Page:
If there is anything more ubiquitous in American culture than cell phones, it’s bottled water. Not only is it convenient, it’s also a highly profitable industry.
Recent developments, however, indicate that just because water comes in a bottle doesn’t make it any safer or better than what comes out of your tap. In addition, most of those bottles wind up in a landfill.
Taking note of the marketing potential in 2003, Austin took a stab at the bottled water industry -- a project called Austin’s Drinking Water.
The venture was short-lived. The concept of bottling municipal tap water made very little sense. The city would pump water from its treatment plants into tanker trucks, drive it to Dallas for bottling, then bring it back to Austin to sell to consumers and to hand out at city events.
Bottled water is marketed as being safer and healthier than tap water. Health-conscious Austinites are a logical target for water bottlers. Nonetheless, the water utility’s attempt to crack into that market didn’t take. At a loss of $2.90 per 24-bottle case of Austin’s Drinking Water, the city couldn’t justify the money spent on the project. Customers did not want to pay $6 a case for something they could get cheaper in their homes. Austinites preferred their bottled water come from natural springs or have labels like PepsiCo.’s Aquafina that read “Pure water. Perfect taste.”
For those who followed the life and death of Austin’s Drinking Water, the project would portend what came next. Last July, Aquafina added its dirty little secret to the labels of the top-selling bottled water: The “pure” water is glorified, purified tap water. Shortly after this revelation, Coca-Cola admitted that its Dasani was municipal water, too.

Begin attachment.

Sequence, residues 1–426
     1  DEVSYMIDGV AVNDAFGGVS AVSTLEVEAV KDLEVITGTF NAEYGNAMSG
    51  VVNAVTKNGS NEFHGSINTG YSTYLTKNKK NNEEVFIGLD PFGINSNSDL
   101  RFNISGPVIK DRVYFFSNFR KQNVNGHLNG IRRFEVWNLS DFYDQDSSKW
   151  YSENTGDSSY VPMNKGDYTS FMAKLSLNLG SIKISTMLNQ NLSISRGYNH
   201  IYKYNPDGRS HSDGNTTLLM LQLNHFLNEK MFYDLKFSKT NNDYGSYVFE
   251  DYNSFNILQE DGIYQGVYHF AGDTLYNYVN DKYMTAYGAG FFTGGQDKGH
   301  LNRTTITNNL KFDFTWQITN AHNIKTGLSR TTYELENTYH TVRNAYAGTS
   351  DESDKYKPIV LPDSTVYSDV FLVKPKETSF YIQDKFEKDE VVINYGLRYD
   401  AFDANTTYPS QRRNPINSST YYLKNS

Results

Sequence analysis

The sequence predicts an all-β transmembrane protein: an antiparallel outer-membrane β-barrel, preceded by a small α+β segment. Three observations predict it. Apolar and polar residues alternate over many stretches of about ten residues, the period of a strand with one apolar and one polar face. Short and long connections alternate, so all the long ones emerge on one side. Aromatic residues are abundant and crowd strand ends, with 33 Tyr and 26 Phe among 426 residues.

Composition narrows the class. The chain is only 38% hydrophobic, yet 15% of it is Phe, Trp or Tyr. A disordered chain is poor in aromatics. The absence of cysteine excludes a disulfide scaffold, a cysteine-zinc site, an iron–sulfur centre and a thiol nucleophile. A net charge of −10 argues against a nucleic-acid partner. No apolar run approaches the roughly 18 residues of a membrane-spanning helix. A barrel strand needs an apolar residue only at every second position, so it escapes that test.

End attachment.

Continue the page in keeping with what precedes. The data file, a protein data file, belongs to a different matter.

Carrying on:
Before paying $1.25 for that clear plastic bottle, consumers should consider the costs - financial and environmental. On average, Austin residents pay $3 for every 1,000 gallons of water they use in their homes. If these same residents were to purchase another 1,000 gallons of bottled water, they would need to pay $8,000.
To get their recommended 64 ounces a day, Americans bought more than four billion gallons of bottled water last year. The demand for water also created a disposal problem. According to estimates from the Container Recycling Institute, only 23 percent of plastic beverage bottles are recycled.
Though bottled water may still be more convenient than tap water, it likely isn’t as clean. Tap water in Austin is regulated by the Environmental Protection Agency and the Texas Commission on Environmental Quality, which combined have more stringent regulations than those of the Food and Drug Administration, the only government-funded quality control of bottled water.
Tap water is also tested more frequently than bottled water. At City of Austin treatment facilities, tap water is tested several times a day at different locations around the city. Several companies in Austin, such as AMD and Samsung, chose to build here, in part, because of the high quality of the city’s water, which is used in some of their processes.
“We always meet and exceed EPA standards,” says Austin Water Utility spokesman Kevin Buchman.
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